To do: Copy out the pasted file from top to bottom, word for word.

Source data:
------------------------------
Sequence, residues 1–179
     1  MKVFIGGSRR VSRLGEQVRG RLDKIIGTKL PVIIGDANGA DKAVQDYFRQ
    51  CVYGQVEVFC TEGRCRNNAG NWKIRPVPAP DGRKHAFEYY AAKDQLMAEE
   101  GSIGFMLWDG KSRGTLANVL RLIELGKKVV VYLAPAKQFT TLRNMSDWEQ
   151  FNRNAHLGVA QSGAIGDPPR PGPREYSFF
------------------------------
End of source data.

Sequence, residues 1–179
     1  MKVFIGGSRR VSRLGEQVRG RLDKIIGTKL PVIIGDANGA DKAVQDYFRQ
    51  CVYGQVEVFC TEGRCRNNAG NWKIRPVPAP DGRKHAFEYY AAKDQLMAEE
   101  GSIGFMLWDG KSRGTLANVL RLIELGKKVV VYLAPAKQFT TLRNMSDWEQ
   151  FNRNAHLGVA QSGAIGDPPR PGPREYSFF